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Omar Rashan Talks About Let’s C.H.A.T

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Omar Rashan Talks About Let’s C.H.A.T

On Nov. 8, Let’s C.H.A.T (Culture, Art, Heart, Talk), will bring 16 local artists and art facilitators together so they can use their visual art, music, and spoken word to build a stronger community.

Omar Rashan, one of the organizers of Let’s C.H.A.T is a successful artist in his own right, but he also has a long history of counseling youth.

 

Let's Chat

“I’ve been working with kids and high risk, children, kids who dealt with trauma,” he said. “I've even worked with children with autism. And so in these facilities I have used art in conversations to break down barriers.”

The program, part of this year’s Spirit & Place Festival, will take place at the Reset Center on Friday Night. 

Let’s C.H.A.T is sponsored by Community Action of Greater Indianapolis (CAGI). Their “We CANN” program, which is described on their website as “evidence-based approach to decreasing crime and health disparities” focuses on youth and adults at high risk for involvement in a violent crime — using art to help them to become successful members of the community. 

Performing artists include vocalist Manon Voice and spoken word artist Januarie York, and hip-hop artist Diop Adisa. Visual artists who will have work on view include longtime arts organizer Tony Radford and Rashan himself.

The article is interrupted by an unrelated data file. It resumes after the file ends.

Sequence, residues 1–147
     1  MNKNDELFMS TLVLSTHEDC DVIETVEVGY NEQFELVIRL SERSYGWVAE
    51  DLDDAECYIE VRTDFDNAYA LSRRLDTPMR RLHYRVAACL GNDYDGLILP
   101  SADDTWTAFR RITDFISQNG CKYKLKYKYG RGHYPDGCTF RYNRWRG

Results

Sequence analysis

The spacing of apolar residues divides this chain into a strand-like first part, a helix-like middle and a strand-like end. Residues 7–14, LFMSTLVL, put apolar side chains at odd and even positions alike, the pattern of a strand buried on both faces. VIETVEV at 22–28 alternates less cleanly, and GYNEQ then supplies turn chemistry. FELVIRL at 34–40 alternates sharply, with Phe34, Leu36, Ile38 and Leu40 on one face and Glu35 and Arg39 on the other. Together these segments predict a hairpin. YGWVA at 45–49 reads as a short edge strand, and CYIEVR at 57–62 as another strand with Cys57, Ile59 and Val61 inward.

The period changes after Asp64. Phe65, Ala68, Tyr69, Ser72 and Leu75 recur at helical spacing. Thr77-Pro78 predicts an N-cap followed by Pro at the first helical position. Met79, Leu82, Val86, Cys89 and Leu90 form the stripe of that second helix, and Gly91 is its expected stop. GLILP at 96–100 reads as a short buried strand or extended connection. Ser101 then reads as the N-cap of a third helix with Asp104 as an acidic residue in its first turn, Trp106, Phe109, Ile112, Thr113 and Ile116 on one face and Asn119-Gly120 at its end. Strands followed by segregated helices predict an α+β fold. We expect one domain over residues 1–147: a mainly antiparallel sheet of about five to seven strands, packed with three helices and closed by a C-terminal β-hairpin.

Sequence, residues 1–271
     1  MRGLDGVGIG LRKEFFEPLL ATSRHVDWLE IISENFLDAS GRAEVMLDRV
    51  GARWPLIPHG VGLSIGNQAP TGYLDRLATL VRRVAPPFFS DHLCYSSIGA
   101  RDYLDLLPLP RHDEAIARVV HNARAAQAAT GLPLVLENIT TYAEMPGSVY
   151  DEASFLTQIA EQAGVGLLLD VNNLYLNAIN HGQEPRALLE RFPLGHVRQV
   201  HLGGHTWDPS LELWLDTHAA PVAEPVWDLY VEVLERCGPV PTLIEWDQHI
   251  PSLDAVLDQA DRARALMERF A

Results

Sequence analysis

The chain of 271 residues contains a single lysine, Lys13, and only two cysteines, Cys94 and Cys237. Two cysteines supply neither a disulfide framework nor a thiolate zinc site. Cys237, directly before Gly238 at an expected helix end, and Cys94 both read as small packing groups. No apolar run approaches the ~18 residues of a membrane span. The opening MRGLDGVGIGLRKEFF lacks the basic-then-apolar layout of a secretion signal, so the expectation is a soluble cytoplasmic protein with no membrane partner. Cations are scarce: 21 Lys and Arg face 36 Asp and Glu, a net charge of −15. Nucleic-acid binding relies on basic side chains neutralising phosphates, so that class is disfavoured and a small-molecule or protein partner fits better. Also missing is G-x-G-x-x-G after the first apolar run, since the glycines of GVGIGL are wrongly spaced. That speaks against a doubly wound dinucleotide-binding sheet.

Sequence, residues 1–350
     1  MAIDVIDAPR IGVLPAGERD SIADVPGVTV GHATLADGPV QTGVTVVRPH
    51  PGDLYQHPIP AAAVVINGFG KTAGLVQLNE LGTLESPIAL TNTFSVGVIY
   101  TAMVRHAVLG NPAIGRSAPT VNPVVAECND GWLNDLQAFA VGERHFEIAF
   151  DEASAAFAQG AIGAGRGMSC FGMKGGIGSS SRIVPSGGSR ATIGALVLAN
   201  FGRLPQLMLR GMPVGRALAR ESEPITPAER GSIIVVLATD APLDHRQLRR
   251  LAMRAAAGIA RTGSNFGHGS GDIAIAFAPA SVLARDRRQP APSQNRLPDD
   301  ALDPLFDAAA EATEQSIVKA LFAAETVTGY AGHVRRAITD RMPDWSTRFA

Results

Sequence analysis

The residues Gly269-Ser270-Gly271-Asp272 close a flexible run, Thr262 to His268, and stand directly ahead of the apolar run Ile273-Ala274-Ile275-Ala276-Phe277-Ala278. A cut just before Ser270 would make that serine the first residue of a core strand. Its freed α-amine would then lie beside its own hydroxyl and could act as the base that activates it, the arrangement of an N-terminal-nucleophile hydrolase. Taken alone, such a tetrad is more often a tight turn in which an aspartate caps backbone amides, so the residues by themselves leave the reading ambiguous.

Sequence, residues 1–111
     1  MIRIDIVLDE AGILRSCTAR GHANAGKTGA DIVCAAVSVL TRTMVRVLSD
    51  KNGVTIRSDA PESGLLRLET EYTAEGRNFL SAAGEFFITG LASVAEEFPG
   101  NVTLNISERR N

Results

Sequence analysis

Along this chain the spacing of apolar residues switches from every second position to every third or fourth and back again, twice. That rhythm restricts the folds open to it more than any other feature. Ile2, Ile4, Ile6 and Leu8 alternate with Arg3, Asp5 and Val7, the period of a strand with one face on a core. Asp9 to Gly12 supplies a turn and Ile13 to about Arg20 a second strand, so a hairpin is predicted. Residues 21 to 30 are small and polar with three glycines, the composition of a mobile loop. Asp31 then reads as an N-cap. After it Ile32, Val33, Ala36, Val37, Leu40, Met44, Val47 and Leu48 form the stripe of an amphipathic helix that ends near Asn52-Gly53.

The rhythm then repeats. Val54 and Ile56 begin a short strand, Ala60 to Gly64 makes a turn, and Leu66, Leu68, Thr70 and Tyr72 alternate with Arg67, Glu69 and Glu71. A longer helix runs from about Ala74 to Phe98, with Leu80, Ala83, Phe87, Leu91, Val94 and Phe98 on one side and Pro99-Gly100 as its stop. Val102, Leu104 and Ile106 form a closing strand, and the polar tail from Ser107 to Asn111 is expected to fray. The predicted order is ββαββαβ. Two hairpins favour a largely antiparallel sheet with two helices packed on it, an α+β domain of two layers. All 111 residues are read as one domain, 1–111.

“With this being the first Let’s C.H.A.T. series, we wanted to make sure we had some heavy hitters,” says organizer Omar Rashan, who himself will have work represented at the event.

Rashan is an artist who is getting increasingly noticed in town, both for his colorful paintings and his graphic design for the 2018 Art & Soul celebration at the Indianapolis Artsgarden.  

Taking part in the event will be 10 trauma informed community facilitators, certified through CAGI. 

“As artists, we can basically go through this module  and become certified. And what that does is allow us to go into the community,” says Rashan.  “Instead of calling it art therapy or whatever, we call it becoming facilitators.”

Rashan says he is a living testament, as a former “troubled teen” who is now a successful artist and graphic designer, that art can have a therapeutic effect.

Before Rashan stepped away to work full time as a professional artist and graphic designer, he had worked for 16 years for various organizations as a youth counselor.

“In these facilities I have used art to have these conversations to break down barriers, break down walls,” says Rashan. “It just kind of made sense for me to come on board with this project because I was already kind of doing that work already."

“So, we feel like we got some heavy hitters and, hopefully, just to set the tone for next year,” he says. “We've already got people requesting to want to be a facilitator ... next year. So that's already an overwhelming experience, knowing that this first situation hasn't even started yet.”

 

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Writer Arts, Faith & Equity

Having lived and worked in Indy on and off since 1977, and currently living in Carmel, I've seen the city change a great deal. I love covering the arts in all its forms, and the places where the arts and broader cultural issues intersect.

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